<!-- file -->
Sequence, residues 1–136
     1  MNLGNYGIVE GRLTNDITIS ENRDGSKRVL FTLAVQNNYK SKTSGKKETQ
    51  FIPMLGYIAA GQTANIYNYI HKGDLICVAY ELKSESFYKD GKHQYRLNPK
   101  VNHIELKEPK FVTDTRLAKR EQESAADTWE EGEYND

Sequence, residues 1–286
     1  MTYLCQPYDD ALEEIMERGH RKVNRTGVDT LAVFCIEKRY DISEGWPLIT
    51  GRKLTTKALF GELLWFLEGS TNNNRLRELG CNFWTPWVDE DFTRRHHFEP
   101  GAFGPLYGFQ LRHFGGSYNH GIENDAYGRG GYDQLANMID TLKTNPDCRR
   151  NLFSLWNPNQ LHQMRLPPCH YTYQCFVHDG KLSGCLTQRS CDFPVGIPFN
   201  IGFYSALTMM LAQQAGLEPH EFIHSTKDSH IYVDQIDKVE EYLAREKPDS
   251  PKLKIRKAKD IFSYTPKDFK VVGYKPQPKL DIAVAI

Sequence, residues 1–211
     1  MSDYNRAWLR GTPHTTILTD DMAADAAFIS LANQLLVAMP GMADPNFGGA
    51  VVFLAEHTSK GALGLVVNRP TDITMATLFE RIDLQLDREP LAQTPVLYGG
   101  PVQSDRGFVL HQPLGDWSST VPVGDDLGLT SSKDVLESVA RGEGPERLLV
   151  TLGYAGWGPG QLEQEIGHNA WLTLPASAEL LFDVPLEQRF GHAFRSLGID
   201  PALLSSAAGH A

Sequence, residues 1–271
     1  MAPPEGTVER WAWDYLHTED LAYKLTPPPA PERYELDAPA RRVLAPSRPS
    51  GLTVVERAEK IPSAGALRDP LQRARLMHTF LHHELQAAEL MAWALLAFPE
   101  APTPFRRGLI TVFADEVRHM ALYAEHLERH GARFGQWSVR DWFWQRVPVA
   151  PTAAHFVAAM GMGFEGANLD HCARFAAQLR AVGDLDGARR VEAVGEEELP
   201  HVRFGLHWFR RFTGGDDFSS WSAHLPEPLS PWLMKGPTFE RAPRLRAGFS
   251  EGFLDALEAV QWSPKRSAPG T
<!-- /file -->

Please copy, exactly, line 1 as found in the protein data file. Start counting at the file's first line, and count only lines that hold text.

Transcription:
Sequence, residues 1–136